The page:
Directed by Luciano Onetti & Nicolás Onetti
Written by Luciano Onetti, Nicolás Onetti, Carlos Goitia
Starring Germán Baudino, Eugenia Rigón, Gustavo Dalessanro, Clara Kovacic, Raúl Gederlini, Pablo Vilela, Abel Giannoni, Alejandro Troman, Luz Champané, Lucía Galizio, Camilo Levigne, Claudio Rusiecky, Ismael Andrada, Yanina Lojo, Francisco Lacelli
Find out more about this film here!!
Recently, I watched the Onetti Brothers’ WHAT THE WATERS LEFT BEHIND, a blatant rip-off of THE TEXAS CHAIN SAW MASSACRE. I remembered being somewhat intrigued by the Onetti’s FRANCESCA, which was released a few years ago, and also saw that they made another Giallo based film called ABRAKADABRA recently. Having not seen ABRAKADABRA, I wanted to give the Onettis’ another shot, as I was impressed by their eye for the macabre, even though I wasn’t taken with their storytelling abilities.
With ABRAKADABRA, the Onettis’ seem to be more in their element. They tell a story of a washed-up magician, addicted to gambling, and tormented by the childhood memory of witnessing his father’s death when a stage performance goes deadly. The magician’s life gets more complicated when he finds out someone is gruesomely killing women using his own stage props. With the police full of questions and a shady man following him, the magician turns to his only confidante, his assistant/lover, who has secrets of her own.
Gialli is definitely a zone where the Onettis feel at home. They are able to convey the tone, mood, and look of a typical Gialli, making ABRAKADABRA look like it was some lost film discovered and dusted off from the late 60’s/early 70’s era. Every odd camera zoom, every weird sound effect, every stylistic lighting or camera angle choice—it all seems ripped right from some Italian production made long ago. The Onettis have definitely done their homework and hold the Giallo in high regard. This respect shows in every frame as all of the elements are there.
Another aspect of the Giallo that is ever present is the overly complex plot and labyrinthine story structure. This often made Gialli difficult to watch with modern eyes. Back then, I would attribute this difficulty in storytelling to come from the practice and mastery of new technological equipment of the time and maybe a focus on the visuals rather than the telling of a straight forward story. I think there was also some kind of gap between cultures evidenced in Gialli that made the genre charming and unique, as the Italian films were paying homage to American tropes, utilizing American dubs, and mixing them with Italian sentiment. It was an odd sort of Frankenstein that I find to be utterly fascinating. Even if the story makes not a lick of sense, I am still dazzled by most Gialli as I feel they are a snapshot of an era that is tragically lost and completely engrossing.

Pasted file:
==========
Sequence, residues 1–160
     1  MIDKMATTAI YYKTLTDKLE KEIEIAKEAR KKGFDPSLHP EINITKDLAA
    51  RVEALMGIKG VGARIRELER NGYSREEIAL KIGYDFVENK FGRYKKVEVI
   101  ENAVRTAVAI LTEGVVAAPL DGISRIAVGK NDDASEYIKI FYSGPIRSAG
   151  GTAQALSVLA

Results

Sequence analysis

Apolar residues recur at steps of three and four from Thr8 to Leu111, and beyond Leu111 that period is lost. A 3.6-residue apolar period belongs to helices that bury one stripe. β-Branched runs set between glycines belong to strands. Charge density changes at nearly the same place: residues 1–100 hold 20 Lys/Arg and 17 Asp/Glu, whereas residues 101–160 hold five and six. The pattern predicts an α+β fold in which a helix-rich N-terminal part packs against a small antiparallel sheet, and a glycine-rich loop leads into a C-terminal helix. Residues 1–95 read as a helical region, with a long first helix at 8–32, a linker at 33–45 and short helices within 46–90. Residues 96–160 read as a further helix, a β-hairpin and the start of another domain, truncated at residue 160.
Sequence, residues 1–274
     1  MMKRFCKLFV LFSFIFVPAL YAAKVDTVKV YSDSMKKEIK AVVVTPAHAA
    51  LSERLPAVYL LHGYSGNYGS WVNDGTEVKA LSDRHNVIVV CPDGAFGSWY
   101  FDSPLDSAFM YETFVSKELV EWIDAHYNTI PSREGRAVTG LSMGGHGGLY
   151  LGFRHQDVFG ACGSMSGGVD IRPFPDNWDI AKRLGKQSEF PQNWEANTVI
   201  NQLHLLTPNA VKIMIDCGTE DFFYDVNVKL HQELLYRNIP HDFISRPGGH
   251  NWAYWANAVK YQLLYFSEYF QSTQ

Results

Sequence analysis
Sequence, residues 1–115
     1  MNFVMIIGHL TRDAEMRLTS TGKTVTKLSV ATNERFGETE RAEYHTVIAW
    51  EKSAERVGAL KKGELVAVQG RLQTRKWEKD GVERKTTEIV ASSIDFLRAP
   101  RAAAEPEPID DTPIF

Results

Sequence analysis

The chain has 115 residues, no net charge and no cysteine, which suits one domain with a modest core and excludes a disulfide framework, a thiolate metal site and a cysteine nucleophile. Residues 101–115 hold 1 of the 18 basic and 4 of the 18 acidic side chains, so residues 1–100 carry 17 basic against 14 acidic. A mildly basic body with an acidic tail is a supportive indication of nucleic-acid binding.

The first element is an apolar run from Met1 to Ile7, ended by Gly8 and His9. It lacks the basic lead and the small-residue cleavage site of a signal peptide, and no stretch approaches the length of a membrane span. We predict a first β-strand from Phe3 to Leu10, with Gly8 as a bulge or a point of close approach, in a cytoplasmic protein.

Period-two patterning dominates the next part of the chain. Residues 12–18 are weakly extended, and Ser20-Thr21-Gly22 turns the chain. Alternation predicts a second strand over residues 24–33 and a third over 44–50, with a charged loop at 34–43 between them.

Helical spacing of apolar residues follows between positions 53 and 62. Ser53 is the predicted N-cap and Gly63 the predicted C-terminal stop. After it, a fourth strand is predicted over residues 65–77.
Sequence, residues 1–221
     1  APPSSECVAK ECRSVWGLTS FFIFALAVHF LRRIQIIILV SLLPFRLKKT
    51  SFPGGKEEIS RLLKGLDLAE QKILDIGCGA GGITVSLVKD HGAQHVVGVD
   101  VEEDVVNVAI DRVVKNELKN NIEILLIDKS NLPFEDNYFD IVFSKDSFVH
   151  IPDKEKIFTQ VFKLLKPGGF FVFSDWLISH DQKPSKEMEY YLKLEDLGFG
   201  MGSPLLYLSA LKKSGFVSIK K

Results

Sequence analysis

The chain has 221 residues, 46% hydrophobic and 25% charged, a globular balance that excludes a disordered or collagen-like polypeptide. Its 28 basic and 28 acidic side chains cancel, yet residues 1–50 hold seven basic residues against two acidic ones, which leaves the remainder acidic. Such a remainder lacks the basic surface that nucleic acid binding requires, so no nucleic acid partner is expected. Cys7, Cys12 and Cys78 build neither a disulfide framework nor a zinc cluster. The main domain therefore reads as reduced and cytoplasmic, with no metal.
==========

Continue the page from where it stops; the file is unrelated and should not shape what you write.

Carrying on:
With ABRAKADABRA and the Onetti’s first Giallo film FRANCESCA, while the technical aspects are there, unfortunately so is the fragmented story. And while that fragmented and confusing story—full of sidebars, dreams, dangling plot threads, and just nonsense scenes, are a part of Giallo films, they are the least interesting aspects of Gialli in these modern times, in my opinion. I give the pioneers of Gialli a pass because they were blazing the trial, but now, with the trail long since blazed, I think looking at ABRAKADABRA through the modern lens, these storytelling aspects feel more like flaws than charms. It feels like parts were left out, not because they couldn’t look at the film immediately after filming, but because the filmmakers simply lack the skills to tell a story with depth and nuance. They have the style down pat, but what they did with that style was less than engaging and lacking in that certain something that snags a viewer and reels them in.
Maybe I’m looking at ABRAKADABRA unfairly as it is a good example of Giallo filmmaking. There are some death sequences that are as elaborate as they are gruesome. I also found the magician’s overdub to be comically entertaining as the voice actor puts a tough guy growl to every line he mutters. These are fun little aspects that I wish there were more of in ABRAKADABRA. It’s like a person who recreates a classic painting brush stroke by brush stroke. All of the technical aspects are there, but it lacks the soul of the original. While this is a giant leap in terms of originality compared to their carbon copy cannibals in WHAT THE WATERS LEFT BEHIND, ABRAKADABRA still feels like a copy of a genre rather than a specific film. I can’t wait for the Onettis to let loose with something they can call truly their own.